As shown in Example “A”, a powered takeaway conveyor line is centered between a case flow rack and static shelves. Dead roller conveyor is located along both sides of the powered conveyor line leaving enough aisle space for picking between the face of the picking rack and the edge of the roller conveyor. All picking must begin in the first zone.
In a paper based operation, a preprinted pick list is attached to an empty container, and the container is placed on the roller conveyor. The picker working that zone pushes the container (sometimes 2 or 3 at a time) thru the zone, picking the required product (for each container) along the way. The picker is required to check off each product picked. If there is insufficient product to complete the order, the container is set aside and held in that zone until the needed product is replenished. The alternative is ship the order incomplete and backorder the missing product.
At the end of the zone the container is either complete (no more items required) or it requires items from downstream zones. If the container is complete, it is put onto the powered takeaway line where it is transported to order checking, packing, and shipping. If more items are required the container is passed onto the next downstream zone and the picking routine is repeated. The container is passed thru each consecutive zone until all items on the order have been picked. All orders start in the first zone even if no picks are required in that zone. If the order requires a pick in the first and last zones, it must be pushed thru all of the in-between zones.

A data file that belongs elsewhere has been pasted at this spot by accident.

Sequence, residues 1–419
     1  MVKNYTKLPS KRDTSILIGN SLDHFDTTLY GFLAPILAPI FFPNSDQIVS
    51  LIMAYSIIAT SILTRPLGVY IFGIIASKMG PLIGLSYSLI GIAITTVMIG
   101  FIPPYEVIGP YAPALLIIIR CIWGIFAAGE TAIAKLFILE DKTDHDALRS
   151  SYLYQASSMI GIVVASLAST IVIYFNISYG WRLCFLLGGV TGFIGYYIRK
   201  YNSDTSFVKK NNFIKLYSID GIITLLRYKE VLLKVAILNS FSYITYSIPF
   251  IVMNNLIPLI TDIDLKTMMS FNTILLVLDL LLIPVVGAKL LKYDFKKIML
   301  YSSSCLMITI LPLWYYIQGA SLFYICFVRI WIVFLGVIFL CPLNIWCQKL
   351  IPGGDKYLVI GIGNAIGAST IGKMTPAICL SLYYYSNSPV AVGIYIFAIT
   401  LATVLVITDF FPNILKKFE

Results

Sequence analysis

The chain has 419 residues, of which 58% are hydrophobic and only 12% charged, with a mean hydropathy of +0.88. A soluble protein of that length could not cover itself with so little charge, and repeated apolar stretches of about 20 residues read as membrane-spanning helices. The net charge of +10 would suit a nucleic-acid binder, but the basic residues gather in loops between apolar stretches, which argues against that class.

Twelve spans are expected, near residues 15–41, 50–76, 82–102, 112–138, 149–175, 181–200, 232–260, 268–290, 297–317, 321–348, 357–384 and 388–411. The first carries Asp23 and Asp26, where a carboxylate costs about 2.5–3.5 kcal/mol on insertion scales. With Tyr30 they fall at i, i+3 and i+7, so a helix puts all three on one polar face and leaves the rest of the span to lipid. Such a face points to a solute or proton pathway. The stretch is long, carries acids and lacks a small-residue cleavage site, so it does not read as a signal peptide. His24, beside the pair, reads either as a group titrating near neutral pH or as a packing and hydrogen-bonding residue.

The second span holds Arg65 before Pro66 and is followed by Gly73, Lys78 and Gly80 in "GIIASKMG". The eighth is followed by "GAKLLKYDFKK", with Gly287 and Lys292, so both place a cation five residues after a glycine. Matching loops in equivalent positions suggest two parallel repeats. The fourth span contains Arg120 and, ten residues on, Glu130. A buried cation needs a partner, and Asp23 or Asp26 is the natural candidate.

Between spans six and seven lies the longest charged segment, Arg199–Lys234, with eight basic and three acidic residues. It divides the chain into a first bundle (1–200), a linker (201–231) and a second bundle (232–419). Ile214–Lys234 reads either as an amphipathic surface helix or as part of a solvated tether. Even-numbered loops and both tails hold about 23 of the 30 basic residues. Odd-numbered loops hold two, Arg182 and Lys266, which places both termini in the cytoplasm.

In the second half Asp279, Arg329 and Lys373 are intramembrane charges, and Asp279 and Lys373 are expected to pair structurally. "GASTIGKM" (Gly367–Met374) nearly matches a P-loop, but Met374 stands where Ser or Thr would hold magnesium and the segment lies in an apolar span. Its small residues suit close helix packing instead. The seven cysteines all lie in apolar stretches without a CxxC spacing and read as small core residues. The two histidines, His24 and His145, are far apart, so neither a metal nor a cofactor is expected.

In the above example, a simple paper pick list is used to drive item picking. RF, Pick-to-Light, or Voice technologies are commonly used to drive the physical picking operation and improve picker performance. While these methods have been proven to increase productivity and reduce errors the flow of containers within the non-automated pick and pass operation remains the same, i.e., sequential.
Unfortunately, pick & pass operations of this type are plagued with throughput problems brought about by frequent and, in some extreme cases, near perpetual gridlock.
With the above in mind we can now look at how automated zone routing sortation works to improve the performance of the split case pick and pass method.